The issue of vowel height harmony – relatively rare in the
languages – is one that most serious theories of phonology have addressed
at one time or another, particularly as concerns its realisation in Bantu
(e.g. Clements 1991, Archangeli & Pulleyblank 1994, Beckman 1997).
is quite well known, the majority of an estimated 500 Bantu languages
exhibit some variant of a progressive harmony process by which vowels
lower when preceded by an appropriate (lower) trigger. (Ki)-Yaka, a
Western Bantu language spoken in ex-Zaire, designated as H.31 by
Guthrie (1967–71), has a height harmony system which has been analysed
as having a similar left-to-right lowering process. In this paper I argue
against the general analysis given for Yaka, showing that this language
differs in a major way from the rest of Bantu. The goals of the paper are
threefold. First, I present a comprehensive treatment of the unusual vowel
harmony system in (ki-)Yaka. Second, I introduce the notion of the
‘prosodic trough’ (τ), a domain which is needed in order
important phonological generalisations in Yaka and in Bantu in general.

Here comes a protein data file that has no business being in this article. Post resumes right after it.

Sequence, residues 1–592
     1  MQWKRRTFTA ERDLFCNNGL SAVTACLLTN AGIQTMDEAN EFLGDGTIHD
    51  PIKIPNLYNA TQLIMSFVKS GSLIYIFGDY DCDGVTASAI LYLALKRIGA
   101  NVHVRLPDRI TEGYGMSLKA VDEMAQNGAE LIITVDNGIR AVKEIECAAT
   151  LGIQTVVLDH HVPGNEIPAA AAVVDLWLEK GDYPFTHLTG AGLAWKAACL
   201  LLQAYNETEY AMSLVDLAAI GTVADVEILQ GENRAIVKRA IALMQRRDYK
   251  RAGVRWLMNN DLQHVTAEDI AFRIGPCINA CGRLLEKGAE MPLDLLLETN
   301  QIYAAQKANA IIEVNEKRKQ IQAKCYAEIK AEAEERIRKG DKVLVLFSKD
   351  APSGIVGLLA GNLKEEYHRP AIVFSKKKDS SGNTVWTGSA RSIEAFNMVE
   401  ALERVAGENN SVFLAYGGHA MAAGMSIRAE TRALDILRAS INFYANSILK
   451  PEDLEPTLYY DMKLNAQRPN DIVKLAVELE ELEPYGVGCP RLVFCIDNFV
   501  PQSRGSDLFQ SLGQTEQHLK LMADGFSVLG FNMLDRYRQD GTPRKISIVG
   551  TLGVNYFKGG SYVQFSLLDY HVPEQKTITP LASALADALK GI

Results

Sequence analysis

Finally, I show the relevance of the Yaka facts for the study of positional
prominence in phonology. A (partial) analysis is offered within optimality-
theoretic terms, particularly as developed by McCarthy & Prince (1995).
Although superficially resembling the vowel height harmony found in
most Bantu languages, the Yaka system will be shown to differ from these
latter in major ways. The paper is organised as follows. In §2 I establish
the general nature of the Yaka harmony system, reanalysing previous
accounts in terms of ‘plateauing’. In §3 I turn to the
‘imbrication’, which introduces a second motivation for vowel
the avoidance of the sequence [wi]. A third source of vowel harmony
presented in §4, which also introduces the notion of the ‘prosodic
The study ends with a brief conclusion in §5 and an appendix that
discusses outstanding problems.